The Social Lens: Photographs by Dorothea Lange and Her Contemporaries
August 22 — October 7
Dorothea Lange (American, 1895-1965), Migratory Cotton Picker, Eloy, Arizona, 1940, gelatin silver print, 20 x 23 ½ inches, Collection of Michael Mattis and Judith Hochberg © Estate of Dorothea Lange
University of Richmond Museums presents The Social Lens: Photographs by Dorothea Lange and Her Contemporaries on view in the Joel and Lila Harnett Museum of Art from August 22 to October 7, 2012. Influential photographer Dorothea Lange (American, 1895-1965), helped establish the visual and cultural history of Depression-era America in the 1920s and 1930s with her iconic photographs documenting rural conditions, migrant workers, suffering families, and ravaged landscapes. The exhibition includes 30 of Lange’s strikingly empathetic photographs along with the work of other important socially conscious photographers of the period, such as Walker Evans, Lewis Hine, and Ben Shahn. In conjunction with The Social Lens, UR Downtown is presenting the exhibition The Spirit of Virginia: Photographs from the 1939 New York World’s Fair on view from September 7 to October 26, 2012 in the Wilton Companies Gallery, UR Downtown, 626 East Broad Street, Richmond.
Growing up in the early twentieth century, Lange had experienced adversity early in life. At the age of 7 she was stricken with polio which left her with a life-long limp, and at the age 12 her father disappeared leaving the family impoverished. As a young woman, she began attending courses at Columbia University, New York, including a photography class taught by Clarence White, a well-known American photographer and founding member of the Photo-Secession movement. By 1918 she moved to San Francisco where she started a thriving portrait studio that catered to the city’s professional class for more than a decade. In 1929 the market crashed and Lange turned her attention to documentary photography and photojournalism. She began working for the federal government’s Farm Security Administration (FSA) and found her niche in chronicling the many faces of Depression-era America—young and old, urban and rural, native-born and immigrant—as they dealt with unprecedented hardship.
Lange described the difficulty of her job as a documentary photographer: “You force yourself to watch and wait. You accept all the discomfort and the disharmony. Being out of your depth is a very uncomfortable thing. You force yourself onto strange streets, among strangers. It may be very hot. It may be painfully cold. It may be sandy and windy and you say, What am I doing here? What drives me to do this hard thing?”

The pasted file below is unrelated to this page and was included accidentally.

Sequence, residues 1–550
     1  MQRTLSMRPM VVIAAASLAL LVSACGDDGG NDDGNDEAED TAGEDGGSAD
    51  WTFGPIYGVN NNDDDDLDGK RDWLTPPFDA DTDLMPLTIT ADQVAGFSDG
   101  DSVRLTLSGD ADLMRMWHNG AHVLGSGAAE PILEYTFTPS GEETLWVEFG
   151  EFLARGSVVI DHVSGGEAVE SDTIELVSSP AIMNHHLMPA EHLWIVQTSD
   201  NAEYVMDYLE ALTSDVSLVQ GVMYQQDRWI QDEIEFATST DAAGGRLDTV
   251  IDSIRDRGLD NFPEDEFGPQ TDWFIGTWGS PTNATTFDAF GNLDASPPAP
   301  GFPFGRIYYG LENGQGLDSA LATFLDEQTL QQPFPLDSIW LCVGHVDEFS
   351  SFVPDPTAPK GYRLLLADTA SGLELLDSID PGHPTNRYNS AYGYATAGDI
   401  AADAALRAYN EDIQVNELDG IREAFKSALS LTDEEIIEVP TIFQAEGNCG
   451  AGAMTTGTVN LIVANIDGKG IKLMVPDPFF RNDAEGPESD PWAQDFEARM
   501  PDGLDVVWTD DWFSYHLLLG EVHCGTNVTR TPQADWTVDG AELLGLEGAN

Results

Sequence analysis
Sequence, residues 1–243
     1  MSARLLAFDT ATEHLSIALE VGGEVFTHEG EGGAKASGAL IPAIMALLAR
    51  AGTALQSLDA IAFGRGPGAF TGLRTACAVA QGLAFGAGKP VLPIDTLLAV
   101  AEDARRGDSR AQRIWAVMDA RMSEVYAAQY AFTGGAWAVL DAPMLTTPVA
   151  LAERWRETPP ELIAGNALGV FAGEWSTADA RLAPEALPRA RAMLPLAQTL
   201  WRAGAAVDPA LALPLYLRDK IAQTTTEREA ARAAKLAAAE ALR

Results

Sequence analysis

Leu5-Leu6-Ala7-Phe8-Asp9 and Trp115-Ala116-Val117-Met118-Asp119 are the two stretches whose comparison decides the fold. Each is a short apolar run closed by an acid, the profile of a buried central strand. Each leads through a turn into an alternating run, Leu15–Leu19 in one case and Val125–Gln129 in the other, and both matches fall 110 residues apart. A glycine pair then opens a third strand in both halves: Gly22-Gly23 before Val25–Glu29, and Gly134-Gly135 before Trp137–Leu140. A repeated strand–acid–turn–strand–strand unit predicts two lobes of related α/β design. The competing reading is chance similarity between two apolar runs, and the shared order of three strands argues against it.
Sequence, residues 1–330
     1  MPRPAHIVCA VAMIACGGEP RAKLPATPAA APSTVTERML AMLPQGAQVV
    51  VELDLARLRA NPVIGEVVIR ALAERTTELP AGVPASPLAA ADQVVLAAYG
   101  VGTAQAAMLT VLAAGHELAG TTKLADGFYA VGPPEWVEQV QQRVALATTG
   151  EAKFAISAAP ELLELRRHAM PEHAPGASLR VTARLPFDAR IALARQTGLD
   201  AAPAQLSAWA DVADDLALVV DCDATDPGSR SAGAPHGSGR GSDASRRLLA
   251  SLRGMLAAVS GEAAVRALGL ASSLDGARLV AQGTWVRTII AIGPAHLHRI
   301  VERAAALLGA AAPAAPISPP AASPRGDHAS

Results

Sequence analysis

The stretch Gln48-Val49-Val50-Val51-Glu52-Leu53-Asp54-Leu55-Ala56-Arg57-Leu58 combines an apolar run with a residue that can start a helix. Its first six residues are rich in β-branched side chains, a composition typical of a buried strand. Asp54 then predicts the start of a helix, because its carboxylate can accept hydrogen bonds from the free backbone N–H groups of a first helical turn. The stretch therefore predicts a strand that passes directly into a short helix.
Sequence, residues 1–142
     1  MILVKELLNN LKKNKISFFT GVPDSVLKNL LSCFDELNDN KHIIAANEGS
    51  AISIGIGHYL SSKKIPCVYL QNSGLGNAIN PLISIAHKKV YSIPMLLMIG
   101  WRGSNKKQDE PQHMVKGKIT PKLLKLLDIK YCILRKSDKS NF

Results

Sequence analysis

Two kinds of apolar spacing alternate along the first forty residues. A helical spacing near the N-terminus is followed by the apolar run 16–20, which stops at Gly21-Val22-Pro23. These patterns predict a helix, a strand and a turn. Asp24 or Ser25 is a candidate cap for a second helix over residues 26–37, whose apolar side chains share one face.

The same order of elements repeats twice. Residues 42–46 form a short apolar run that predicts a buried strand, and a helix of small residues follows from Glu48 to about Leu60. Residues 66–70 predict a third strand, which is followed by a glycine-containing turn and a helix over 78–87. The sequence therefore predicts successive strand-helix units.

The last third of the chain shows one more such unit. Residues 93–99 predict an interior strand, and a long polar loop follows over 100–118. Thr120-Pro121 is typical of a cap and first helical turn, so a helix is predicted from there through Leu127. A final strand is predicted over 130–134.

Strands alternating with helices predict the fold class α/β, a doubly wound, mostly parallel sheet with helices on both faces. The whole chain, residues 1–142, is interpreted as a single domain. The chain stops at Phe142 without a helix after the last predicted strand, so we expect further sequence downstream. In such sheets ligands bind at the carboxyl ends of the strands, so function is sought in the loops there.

After World War II, Lange was the first woman photographer awarded a Guggenheim fellowship, helped found Aperture magazine, and was honored with a career retrospective by the Museum of Modern Art in 1966. Most importantly, she raised public awareness of the need for federal assistance around the country and her photographs helped to convince Congress to provide funding.
The exhibition includes the photograph Migrant Mother (1936), an emblematic image that came to personify pride and resilience in the face of abject poverty in 1930s America. In Lange’s notes, she wrote “Migrant agricultural worker’s family. Seven hungry children. Mother, age thirty-two. Father is native Californian. Destitute in pea pickers’ camp, Nipomo, California, because of the failure of the early pea crop. These people had just sold their tent in order to buy food. Of the 2,500 people in this camp, most of them were destitute.”
Also featured is White Angel Breadline (1933), considered one of Lange’s greatest artistic achievements and her first Depression photograph. The photograph depicts a hungry crowd waiting in line for bread in San Francisco not far from Lange’s studio. The breadline was sponsored by a wealthy San Francisco matron known as the “White Angel.” Migratory Cotton Picker (1940), taken in Eloy, Arizona, embodied the suffering endured by those fortunate enough to find work. The struggle to put in a day’s labor for a small wage is evident in the dust on the picker’s dry hands and the sheen of sweat on his lined forehead.
All works in the exhibition are from the collection of Michael Mattis and Judith Hochberg. The exhibition is organized by art2art Circulating Exhibitions and coordinated at the Harnett Museum of Art by N. Elizabeth Schlatter, Deputy Director and Curator of Exhibitions, University Museums. The exhibition and programs are made possible in part with the support of the University’s Cultural Affairs Committee and funds from the Louis S. Booth Arts Fund.
In conjunction with The Social Lens, UR Downtown presents The Spirit of Virginia: Photographs from the 1939 New York World’s Fair in the Wilton Companies Gallery, September 7 through October 26, 2012. The exhibition features a selection of Depression-era photographs of Richmond and surrounding rural areas from the Library of Virginia’s 1939 New York World’s Fair photograph collection. The exhibition was curated by Hayley Harrington, ’12, art history major, University of Richmond.
Image and text courtesy of University of Richmond: Museums